Tuesday, September 04, 2012

WWF calls for committee to address pollution problem in Kinabatangan River

KOTA KINABALU: WWF-Malaysia shares the public’s concern about the perennial pollution problem in the Kinabatangan River, as highlighted in the local media on numerous occasions.

Hailed as a corridor of life, the Kinabatangan area is identified as home to more than 250 bird species, 50 mammal species, 20 reptile species, 1,056 plant species and several world-renowned conservation sites such as the Lower Kinabatangan – Segama Wetlands Ramsar Site.

However, the area is now getting a name for its decline in water quality mainly due to pollution. Palm oil mills and oil palm plantations located in the area are said to be the main culprits.

WWF-Malaysia is of the view that it is now timely to put in place a strong institution to act as the lead body in protecting the biodiversity of Kinabatangan.

Presently, a number of federal and states agencies as well as local NGOs address pollution problems as they arise. The result is a rather ad hoc collection of uncoordinated approaches, with considerable gaps and overlaps. This has led to some pollution problems not being adequately and promptly dealt with.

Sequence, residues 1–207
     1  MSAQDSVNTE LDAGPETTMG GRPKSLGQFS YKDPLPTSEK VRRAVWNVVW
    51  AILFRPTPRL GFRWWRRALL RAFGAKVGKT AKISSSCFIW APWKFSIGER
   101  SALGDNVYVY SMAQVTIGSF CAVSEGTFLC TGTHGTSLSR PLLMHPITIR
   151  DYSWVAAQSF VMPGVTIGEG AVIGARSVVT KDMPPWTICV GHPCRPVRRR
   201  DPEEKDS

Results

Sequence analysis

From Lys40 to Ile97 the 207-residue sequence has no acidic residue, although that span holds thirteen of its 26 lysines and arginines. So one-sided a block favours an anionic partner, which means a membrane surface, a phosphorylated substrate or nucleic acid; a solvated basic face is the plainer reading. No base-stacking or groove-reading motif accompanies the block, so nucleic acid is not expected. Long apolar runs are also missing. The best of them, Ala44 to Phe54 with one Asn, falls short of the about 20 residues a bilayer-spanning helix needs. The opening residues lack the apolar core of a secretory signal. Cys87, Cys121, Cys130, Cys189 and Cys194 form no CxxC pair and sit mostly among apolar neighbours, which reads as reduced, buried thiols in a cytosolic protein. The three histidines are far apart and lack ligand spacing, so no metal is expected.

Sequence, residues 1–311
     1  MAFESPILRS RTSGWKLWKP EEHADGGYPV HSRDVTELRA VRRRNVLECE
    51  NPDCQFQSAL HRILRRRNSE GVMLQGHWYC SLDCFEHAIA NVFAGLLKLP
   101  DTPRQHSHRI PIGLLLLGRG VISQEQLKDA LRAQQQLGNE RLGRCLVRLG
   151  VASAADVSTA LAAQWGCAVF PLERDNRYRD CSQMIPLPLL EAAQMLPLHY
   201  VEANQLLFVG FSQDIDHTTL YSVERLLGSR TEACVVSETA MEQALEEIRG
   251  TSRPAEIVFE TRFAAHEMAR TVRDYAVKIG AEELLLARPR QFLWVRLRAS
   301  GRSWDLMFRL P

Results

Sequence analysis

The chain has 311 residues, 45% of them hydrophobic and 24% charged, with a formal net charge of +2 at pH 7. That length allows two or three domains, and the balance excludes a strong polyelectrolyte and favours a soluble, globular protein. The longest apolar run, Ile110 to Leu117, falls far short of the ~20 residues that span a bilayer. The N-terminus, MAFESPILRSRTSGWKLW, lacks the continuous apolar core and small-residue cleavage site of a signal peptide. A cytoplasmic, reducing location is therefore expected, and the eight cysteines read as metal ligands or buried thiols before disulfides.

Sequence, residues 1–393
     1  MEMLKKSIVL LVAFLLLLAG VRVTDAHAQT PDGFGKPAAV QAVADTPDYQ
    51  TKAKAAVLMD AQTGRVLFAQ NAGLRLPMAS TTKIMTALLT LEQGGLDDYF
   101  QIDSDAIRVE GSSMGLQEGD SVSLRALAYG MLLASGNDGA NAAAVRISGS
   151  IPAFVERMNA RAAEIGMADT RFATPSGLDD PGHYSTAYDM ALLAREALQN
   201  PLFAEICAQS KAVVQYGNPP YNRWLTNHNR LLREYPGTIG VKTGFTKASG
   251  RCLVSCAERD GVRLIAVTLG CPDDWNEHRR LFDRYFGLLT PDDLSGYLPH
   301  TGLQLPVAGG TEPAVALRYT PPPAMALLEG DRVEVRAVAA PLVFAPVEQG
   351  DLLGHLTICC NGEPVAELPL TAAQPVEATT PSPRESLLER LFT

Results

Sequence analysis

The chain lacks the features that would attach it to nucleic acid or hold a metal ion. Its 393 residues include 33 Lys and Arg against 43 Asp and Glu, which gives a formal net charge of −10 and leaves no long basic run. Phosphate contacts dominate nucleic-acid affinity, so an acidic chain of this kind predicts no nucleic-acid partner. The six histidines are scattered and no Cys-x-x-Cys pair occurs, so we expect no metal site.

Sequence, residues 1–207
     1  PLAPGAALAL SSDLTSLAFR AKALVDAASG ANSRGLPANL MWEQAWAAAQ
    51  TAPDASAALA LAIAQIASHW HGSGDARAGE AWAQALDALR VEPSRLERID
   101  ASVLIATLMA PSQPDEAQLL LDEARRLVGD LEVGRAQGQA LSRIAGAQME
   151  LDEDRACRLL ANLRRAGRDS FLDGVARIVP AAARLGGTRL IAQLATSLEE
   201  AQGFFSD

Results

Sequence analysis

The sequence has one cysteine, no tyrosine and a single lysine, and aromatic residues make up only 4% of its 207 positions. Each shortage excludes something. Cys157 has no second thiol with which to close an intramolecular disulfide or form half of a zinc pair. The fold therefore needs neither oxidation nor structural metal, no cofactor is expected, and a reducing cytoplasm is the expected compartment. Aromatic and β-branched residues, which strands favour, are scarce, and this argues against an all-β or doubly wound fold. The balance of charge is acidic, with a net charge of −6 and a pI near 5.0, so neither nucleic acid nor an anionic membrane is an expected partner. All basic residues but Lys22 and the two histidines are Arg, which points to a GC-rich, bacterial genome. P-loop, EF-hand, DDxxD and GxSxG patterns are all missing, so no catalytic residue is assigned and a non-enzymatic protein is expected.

“WWF-Malaysia has been implementing conservation projects in the Kinabatangan area since late 1970s. A large-scale strategic programme to secure the long-term viability of wildlife populations in the area began in late 1998 and has continued to the present. WWF-Malaysia exited the landscape in July 2011 so that a more permanent institution could take over – ensuring that conservation and sustainable development takes place,” said the executive director/CEO of WWF-Malaysia, Dato’ Dr Dionysius Sharma.

“The WWF-Malaysia’s Kinabatangan Corridor of Life (KCol) team actively worked towards setting all the necessary ‘enabling factors’ to establish a system that would allow continuous protection of the area by empowering the stakeholders and local communities so that they are able to undertake sustainable conservation. This includes working with the Ministry of Tourism, Culture and Environment to develop a policy directive for the area, with the ultimate goal of forming the KCol Management Committee (KMC), a body responsible towards managing the area holistically,” he said.